Reed picks up where he left off last year

By Jay CoffinJanuary 8, 2016, 3:52 am

KAPALUA, Hawaii – There’s a big banner of Patrick Reed in the Kapalua clubhouse. He’s holding the Hyundai Tournament of Champions trophy from last year and he’s making the shaka sign, Hawaii’s famous hang-loose gesture.

However, many of the other promotional materials for the event are focused on Jordan Spieth and Jason Day, the top two players in the world. It’s not a slight to the defending champion as much as it is a nod to the fact that this field is the strongest it’s been in more than a decade.

Still, Reed played alongside Spieth on Thursday and dropped an eagle on Kapalua’s massive 18th green to shoot 65 and take a one-shot lead over, well, Spieth. The 10th-ranked player in the world made six birdies and an eagle and was 6 under over his last six holes.

“To start the day I felt like I was hitting the ball really solid,” Reed said. “I felt like I was playing really, really well. Just some of the putts weren’t really falling.”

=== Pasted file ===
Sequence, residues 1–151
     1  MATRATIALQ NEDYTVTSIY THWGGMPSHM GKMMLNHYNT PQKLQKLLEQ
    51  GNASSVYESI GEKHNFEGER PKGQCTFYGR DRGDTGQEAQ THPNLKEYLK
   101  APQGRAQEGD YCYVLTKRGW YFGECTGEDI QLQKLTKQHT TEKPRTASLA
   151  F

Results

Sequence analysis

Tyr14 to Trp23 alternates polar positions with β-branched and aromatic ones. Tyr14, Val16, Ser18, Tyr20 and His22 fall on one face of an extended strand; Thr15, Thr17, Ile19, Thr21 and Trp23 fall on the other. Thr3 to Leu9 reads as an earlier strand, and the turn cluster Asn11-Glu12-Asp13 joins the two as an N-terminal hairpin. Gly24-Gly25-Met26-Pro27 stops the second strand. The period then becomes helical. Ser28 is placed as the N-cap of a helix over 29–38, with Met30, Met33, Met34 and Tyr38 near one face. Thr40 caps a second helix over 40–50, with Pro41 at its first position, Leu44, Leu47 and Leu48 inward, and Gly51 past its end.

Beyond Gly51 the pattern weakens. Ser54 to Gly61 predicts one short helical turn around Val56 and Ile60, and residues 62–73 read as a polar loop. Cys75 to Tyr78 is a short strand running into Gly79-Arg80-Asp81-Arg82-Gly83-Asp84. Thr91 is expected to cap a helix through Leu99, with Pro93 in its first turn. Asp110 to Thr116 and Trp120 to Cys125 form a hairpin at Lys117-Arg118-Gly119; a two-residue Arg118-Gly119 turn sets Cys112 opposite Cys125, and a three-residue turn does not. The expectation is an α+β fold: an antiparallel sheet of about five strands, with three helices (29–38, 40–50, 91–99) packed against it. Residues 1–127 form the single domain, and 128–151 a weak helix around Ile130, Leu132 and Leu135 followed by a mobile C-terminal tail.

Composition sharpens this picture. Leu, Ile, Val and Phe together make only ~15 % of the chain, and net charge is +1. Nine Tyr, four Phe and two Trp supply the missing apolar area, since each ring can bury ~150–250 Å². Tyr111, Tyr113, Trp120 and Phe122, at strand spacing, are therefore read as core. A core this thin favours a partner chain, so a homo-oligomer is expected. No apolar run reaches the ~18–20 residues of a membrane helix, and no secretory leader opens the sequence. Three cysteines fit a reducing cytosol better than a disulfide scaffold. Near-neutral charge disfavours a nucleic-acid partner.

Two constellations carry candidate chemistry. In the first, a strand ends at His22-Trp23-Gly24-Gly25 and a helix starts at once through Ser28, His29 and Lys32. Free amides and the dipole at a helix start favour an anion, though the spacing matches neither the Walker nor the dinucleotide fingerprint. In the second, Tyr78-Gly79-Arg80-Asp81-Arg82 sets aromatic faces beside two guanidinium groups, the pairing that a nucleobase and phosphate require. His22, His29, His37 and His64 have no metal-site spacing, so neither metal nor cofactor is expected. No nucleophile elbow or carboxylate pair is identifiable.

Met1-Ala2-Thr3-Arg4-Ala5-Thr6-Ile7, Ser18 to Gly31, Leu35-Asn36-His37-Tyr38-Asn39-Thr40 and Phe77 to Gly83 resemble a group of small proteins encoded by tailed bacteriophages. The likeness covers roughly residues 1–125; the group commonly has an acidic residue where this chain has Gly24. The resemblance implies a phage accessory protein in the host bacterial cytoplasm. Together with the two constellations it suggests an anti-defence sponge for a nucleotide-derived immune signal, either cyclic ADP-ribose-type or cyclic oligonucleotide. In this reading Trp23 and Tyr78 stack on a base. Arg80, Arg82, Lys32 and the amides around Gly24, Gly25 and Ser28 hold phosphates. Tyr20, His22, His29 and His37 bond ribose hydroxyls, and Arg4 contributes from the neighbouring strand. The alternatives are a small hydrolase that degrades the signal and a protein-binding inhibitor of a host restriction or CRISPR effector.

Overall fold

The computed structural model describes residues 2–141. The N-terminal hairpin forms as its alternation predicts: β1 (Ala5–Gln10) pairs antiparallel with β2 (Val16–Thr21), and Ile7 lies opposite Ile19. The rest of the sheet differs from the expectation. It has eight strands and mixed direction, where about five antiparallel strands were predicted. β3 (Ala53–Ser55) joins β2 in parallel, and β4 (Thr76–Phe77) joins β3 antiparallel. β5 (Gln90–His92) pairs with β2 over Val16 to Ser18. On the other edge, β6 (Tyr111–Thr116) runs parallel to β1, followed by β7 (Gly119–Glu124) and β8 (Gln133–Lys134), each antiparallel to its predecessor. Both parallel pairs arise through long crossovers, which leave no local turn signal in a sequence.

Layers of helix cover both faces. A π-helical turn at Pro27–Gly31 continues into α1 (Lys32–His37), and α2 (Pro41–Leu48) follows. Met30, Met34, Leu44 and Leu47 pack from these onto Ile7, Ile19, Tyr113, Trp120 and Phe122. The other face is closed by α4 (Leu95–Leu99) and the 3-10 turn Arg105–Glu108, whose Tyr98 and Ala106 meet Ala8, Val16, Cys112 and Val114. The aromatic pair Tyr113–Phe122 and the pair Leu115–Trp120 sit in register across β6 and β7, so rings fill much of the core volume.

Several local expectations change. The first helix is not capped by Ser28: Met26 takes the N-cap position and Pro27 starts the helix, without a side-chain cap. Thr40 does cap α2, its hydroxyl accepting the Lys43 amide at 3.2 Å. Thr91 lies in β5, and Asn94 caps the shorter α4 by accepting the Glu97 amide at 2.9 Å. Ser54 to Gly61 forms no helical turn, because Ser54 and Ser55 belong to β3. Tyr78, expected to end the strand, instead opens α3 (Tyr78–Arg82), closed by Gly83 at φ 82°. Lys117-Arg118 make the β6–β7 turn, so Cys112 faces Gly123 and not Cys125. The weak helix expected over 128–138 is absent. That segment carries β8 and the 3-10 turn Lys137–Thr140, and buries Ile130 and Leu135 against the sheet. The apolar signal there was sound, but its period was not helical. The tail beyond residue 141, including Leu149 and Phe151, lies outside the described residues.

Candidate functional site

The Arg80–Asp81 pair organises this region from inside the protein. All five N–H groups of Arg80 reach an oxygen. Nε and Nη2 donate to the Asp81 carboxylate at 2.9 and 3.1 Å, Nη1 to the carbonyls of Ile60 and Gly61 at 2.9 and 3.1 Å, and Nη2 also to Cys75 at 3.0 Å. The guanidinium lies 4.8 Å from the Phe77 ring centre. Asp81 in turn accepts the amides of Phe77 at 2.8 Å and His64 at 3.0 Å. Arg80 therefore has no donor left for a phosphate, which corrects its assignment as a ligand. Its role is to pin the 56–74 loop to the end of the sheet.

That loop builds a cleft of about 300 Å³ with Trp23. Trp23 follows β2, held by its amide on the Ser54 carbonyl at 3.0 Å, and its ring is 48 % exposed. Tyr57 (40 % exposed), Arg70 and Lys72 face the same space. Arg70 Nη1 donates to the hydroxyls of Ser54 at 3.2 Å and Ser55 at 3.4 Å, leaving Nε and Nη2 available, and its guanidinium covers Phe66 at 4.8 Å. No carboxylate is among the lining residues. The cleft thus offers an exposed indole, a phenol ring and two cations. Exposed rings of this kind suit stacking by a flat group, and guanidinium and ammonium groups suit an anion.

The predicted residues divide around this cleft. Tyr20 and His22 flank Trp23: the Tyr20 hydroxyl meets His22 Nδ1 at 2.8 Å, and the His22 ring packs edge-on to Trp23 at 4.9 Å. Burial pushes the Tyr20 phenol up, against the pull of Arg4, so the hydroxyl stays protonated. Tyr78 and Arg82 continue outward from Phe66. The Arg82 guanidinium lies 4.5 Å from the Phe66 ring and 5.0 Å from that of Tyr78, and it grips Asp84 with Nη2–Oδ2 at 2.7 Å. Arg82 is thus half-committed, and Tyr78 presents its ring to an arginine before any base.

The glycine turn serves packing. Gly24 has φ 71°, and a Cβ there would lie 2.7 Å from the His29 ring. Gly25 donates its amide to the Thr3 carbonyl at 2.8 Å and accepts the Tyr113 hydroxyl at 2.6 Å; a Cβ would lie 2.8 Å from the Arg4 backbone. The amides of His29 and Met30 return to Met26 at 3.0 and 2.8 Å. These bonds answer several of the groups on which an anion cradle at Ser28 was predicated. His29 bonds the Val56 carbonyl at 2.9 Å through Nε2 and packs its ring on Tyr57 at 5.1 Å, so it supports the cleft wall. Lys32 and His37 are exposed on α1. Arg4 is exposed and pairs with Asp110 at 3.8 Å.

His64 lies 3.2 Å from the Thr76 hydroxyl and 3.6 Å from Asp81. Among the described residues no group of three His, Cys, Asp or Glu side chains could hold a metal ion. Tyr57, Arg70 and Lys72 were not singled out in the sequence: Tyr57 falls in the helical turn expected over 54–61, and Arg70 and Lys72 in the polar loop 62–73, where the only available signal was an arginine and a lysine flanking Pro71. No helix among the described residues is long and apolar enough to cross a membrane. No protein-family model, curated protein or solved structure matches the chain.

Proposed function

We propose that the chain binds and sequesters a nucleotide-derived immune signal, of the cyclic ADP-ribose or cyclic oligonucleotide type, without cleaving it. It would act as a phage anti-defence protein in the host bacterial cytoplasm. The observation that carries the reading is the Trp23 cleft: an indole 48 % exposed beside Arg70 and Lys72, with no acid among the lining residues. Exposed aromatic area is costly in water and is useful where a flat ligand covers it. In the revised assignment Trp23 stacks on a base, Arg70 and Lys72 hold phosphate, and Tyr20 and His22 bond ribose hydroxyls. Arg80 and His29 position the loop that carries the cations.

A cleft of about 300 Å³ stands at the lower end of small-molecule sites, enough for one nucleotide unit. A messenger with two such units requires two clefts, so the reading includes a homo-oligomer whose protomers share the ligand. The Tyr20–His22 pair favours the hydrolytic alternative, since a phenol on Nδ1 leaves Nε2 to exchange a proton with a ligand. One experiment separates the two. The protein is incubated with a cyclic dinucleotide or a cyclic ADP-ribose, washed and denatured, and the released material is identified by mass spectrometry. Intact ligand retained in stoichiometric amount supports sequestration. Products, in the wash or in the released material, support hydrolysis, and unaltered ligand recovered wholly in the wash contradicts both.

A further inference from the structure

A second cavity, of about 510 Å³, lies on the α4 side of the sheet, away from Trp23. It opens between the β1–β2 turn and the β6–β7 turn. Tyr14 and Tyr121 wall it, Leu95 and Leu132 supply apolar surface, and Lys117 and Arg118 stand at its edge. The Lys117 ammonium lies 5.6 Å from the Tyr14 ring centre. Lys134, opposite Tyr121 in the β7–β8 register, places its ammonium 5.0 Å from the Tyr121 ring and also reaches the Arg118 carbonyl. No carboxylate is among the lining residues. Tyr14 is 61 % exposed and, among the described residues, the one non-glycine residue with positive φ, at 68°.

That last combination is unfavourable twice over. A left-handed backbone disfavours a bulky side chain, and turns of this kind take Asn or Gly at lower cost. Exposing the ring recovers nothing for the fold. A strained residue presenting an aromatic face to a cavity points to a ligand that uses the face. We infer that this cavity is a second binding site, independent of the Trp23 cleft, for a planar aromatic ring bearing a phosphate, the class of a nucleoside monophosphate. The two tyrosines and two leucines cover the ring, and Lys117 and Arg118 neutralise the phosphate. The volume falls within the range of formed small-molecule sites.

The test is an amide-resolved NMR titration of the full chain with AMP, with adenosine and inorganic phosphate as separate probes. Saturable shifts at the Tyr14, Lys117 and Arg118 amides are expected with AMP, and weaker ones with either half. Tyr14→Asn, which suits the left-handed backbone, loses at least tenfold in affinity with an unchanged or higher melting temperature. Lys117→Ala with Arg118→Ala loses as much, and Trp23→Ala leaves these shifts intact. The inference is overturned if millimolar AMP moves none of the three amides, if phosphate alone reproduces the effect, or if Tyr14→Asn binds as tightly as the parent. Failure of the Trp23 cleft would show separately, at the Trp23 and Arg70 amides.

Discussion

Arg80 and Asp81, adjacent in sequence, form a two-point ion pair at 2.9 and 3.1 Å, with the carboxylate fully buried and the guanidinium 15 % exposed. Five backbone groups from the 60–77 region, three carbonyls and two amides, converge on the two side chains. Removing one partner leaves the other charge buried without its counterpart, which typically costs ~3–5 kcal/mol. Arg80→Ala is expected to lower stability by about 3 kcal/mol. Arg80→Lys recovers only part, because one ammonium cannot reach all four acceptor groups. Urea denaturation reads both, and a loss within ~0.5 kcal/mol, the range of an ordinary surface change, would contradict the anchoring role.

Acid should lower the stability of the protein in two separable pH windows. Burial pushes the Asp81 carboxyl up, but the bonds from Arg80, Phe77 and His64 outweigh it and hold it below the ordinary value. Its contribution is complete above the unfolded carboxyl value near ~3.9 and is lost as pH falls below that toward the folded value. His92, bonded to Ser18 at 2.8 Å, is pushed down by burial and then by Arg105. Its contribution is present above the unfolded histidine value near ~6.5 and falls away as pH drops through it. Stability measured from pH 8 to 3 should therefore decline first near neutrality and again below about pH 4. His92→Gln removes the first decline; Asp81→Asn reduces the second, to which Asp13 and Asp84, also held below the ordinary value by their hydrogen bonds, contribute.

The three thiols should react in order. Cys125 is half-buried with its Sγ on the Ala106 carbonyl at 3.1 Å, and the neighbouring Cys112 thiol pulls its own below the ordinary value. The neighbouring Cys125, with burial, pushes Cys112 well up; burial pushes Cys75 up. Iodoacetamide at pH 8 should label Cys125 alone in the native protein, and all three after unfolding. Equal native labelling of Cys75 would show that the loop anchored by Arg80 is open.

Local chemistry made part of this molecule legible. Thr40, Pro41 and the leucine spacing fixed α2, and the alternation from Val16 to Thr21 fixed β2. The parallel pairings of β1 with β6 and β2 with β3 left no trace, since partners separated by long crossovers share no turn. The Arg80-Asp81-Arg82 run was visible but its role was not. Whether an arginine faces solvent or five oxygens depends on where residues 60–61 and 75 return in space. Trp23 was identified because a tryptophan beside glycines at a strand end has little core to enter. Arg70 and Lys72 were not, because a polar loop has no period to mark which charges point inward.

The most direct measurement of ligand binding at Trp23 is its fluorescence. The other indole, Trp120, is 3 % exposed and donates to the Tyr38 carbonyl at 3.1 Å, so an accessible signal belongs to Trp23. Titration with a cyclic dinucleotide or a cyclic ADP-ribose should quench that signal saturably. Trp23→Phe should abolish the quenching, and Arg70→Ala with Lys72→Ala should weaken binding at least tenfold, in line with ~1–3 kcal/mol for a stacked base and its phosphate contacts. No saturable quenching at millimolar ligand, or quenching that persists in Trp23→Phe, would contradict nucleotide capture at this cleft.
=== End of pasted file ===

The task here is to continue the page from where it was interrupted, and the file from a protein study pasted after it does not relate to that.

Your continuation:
Reed’s playing partner concurred.


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“Patrick could have shot 13 under today,” Spieth said. “If he had his putter going at the start of the round, he missed quite a few pretty short length putts on the front nine or he should have shot really 5 under on that front nine.”

Reed birdied Nos. 13-15, had a kick-in birdie at 17, then hit a 3-wood from 309 yards to within 20 feet on the par-5 home hole. He made the eagle putt.

Although Reed went only 10 days without touching a club during the holidays he’s played in seven events since the Tour Championship and his worst finish in that stretch is a tie for 10th place. He finished second twice.